National Pet Fire Safety Day takes place on July 15th , and it’s a day to learn how to keep your pet safe in a fire. For many of us, our pets are the most precious asset. So it makes sense that we would dedicate a day to keeping them safe during one of the scariest things we can imagine. The National Pet Fire Safety Day was started by The American Kennel Club and ADT Security Services to reduce the estimated 500,000 pets that are affected by home fires each year. The purpose of this day is to educate pet owners about potential risks when pets are left home alone and to provide owners with proven prevention measures to ensure their safety. According to a recent AKC study, 88 % of pet owners consider their pets to be valued family members as such they need to be include in fire prevention plans and rescue alerts should a house fire strike. Here are some simple tips to protect your home and your loved one from accidental fire:
Tips to Keep Pets Safe from House Fires:
• Extinguish Open Flames – Pets are generally curious and will investigate cooking appliances, candles, or even a fire in your fireplace. Ensure your pet is not left unattended around an open flame and make sure to thoroughly extinguish any open flame before leaving your home.
• Remove stove knob- Be sure to remove stove knobs or protect them with covers before leaving the house.
• Invest in flame less candles – These candles contain a light bulb, rather than an open flame, and take the danger out of your pet knocking over a candle.
• Avoid glass water bowls on wooden decks – The sun’s rays when filtered through glass water bowls can heat up and ignite the wooden deck. Choose stainless steel or ceramic bowls instead.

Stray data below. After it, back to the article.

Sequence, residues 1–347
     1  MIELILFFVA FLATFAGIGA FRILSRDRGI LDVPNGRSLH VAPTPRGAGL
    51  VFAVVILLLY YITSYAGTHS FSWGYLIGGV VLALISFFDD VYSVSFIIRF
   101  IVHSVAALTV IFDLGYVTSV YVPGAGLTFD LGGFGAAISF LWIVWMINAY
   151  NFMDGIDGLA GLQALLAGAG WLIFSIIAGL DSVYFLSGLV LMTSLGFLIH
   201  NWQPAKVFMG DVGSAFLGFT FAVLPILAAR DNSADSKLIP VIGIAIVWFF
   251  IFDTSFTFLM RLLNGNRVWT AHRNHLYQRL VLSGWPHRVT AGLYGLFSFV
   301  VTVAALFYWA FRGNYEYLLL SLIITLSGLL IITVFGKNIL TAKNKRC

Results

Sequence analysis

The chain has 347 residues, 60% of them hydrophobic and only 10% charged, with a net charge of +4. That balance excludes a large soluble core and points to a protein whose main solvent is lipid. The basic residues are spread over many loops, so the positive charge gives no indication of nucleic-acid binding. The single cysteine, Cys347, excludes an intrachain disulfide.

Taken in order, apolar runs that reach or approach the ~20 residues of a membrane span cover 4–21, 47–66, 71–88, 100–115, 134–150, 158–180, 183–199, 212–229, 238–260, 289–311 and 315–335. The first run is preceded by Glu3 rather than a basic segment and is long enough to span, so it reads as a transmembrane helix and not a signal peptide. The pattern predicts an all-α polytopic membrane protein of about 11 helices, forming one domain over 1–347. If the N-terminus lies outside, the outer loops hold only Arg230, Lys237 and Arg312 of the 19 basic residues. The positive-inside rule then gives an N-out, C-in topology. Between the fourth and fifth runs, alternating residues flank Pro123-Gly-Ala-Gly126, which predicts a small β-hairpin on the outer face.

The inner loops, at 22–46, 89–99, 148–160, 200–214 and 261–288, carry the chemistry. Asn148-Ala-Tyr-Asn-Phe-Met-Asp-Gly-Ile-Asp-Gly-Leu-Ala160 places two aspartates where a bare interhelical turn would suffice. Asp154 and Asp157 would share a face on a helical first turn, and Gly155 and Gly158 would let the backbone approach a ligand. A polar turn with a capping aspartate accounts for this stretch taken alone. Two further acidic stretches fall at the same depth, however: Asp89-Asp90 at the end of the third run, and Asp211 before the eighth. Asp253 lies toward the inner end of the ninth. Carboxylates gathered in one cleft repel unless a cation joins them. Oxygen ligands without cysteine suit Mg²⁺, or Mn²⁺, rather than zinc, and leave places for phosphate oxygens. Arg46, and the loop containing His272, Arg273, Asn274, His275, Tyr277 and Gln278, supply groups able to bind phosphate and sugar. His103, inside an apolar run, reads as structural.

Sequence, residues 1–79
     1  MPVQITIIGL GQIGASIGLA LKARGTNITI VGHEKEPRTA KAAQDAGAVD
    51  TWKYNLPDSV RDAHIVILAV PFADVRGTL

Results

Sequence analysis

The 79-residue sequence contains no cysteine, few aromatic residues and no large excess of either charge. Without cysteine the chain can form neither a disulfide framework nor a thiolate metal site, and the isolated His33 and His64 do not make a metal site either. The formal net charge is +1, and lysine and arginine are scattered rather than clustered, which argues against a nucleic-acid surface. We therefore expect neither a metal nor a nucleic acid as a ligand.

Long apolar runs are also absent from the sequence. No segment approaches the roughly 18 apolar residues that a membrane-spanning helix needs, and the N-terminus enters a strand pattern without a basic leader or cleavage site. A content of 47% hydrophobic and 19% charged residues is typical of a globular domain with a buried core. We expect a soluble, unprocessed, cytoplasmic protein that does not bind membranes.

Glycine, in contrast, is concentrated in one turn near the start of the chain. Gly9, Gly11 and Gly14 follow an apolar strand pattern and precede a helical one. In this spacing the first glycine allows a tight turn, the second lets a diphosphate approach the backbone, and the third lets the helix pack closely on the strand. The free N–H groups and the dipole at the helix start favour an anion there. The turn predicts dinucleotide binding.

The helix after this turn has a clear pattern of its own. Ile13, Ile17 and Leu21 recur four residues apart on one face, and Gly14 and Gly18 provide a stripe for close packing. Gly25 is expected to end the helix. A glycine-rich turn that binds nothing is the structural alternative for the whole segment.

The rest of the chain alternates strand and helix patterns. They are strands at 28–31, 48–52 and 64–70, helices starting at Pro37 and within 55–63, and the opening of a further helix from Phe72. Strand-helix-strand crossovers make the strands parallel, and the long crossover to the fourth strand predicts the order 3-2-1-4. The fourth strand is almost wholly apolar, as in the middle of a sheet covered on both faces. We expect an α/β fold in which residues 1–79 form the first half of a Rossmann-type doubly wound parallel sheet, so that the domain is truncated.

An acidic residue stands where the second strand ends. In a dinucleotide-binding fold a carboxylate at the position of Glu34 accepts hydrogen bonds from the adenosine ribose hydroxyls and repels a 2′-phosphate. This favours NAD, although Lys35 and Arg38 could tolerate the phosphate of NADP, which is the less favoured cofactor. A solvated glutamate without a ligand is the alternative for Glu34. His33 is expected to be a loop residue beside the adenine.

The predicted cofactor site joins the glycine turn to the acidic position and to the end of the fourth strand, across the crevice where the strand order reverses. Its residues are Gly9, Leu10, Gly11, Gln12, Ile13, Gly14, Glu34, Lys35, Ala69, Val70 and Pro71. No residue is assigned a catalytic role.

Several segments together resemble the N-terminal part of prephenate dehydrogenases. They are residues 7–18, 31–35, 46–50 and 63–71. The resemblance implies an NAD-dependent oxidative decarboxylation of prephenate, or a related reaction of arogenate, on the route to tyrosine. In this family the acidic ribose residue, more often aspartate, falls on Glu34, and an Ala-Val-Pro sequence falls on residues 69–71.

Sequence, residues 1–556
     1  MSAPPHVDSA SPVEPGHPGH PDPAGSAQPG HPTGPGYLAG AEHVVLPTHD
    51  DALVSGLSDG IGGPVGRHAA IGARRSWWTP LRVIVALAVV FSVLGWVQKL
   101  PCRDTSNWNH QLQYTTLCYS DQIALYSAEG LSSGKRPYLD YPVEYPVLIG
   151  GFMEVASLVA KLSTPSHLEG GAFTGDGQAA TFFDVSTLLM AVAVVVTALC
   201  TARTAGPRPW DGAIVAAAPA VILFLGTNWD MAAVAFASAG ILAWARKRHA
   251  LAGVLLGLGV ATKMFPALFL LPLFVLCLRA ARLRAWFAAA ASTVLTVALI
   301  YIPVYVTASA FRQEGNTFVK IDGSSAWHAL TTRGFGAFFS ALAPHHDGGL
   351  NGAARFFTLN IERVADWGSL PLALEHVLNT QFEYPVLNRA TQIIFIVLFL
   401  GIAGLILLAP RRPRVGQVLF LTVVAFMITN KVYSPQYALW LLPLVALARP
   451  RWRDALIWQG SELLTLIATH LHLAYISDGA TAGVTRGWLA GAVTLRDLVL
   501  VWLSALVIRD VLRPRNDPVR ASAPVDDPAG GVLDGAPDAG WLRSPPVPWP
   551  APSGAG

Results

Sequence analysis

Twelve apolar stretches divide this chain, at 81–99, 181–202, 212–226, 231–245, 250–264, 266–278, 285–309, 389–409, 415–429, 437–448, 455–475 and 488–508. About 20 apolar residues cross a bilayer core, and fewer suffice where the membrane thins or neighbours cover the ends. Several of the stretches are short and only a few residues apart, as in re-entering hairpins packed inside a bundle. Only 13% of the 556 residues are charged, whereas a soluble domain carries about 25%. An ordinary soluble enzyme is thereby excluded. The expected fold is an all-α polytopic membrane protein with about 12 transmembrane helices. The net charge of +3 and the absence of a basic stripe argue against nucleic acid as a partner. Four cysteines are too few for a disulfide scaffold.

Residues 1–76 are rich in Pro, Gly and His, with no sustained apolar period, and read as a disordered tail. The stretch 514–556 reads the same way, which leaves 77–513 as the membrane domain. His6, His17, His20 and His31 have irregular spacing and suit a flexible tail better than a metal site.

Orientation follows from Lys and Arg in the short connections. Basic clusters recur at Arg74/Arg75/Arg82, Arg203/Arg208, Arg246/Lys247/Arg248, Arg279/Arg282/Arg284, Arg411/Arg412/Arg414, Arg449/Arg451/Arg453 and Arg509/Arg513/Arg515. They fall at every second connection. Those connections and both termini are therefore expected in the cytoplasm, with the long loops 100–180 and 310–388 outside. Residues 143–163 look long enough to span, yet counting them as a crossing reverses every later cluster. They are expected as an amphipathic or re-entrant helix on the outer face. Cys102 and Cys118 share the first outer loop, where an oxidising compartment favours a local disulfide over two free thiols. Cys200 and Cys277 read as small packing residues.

• Keep pets near entrances when you're out – Keep collars on pets and leashes at the ready in case firefighters need to rescue your pet. When leaving pets home alone, keep them in areas or rooms near entrances where firefighters can easily find them.
• Secure young pets- Especially with young puppies or kittens, keep them confined away from potential fire-starting hazards when you are away from home such as in crates or behind baby gates in secure areas.
• Pet Proof the Home – Take a walk around your home and look for areas where pets might start fires inadvertently, such as the stove knobs, loose wires and other potential hazards. Electrical cords can sometimes be chewed by pets and when damaged, they can spark and cause electrocution or a fire.
• Practicing Escape Routes with Pets – Keep collars and leashes at the ready in case you have to evacuate quickly with your pet or firefighters need to rescue your pet.
• Since Pets Left Alone Can’t Escape a Burning Home – Use monitored smoke detectors which are connected to a monitoring center, providing an added layer of protection beyond battery-operated smoke alarms. This allows emergency responders to be contacted when your pets are trapped.
• Affix a Pet Alert Window Cling – Write down the number of pets inside your house and attach the static cling or sticker to a front window. This critical information saves rescuers time when locating your pets. During this month we will have some of these available at Elko Veterinary Clinic. Inquire at the front desk about getting one for your home.
• Keep Your Information Updated – Firefighters are familiar with pet alert window clings so keep the number of pets listed on them updated. Knowing the accurate number of pets in the house aids rescuers in finding all of your pets.
According to the National Fire Protection Association, nearly 1,000 house fires each year are accidentally started by pets. Pets can unintentionally get into all kinds of trouble when we are not home to supervise. At Elko Veterinary Clinic, we know how much our pets mean to us and we have seen the devastation of fires first hand. The most important tip that we can give you is to have a fire plan that includes your pets. Discuss with your family who will be in charge of rescuing your pet in the event of a fire. Planning and practicing drills will help the family remain calm and help ensure that your pets are not forgotten during a chaotic evacuation. As owners we have to be responsible and try to keep our pets out of trouble and prevent house fires.
Tessa Morgan, DVM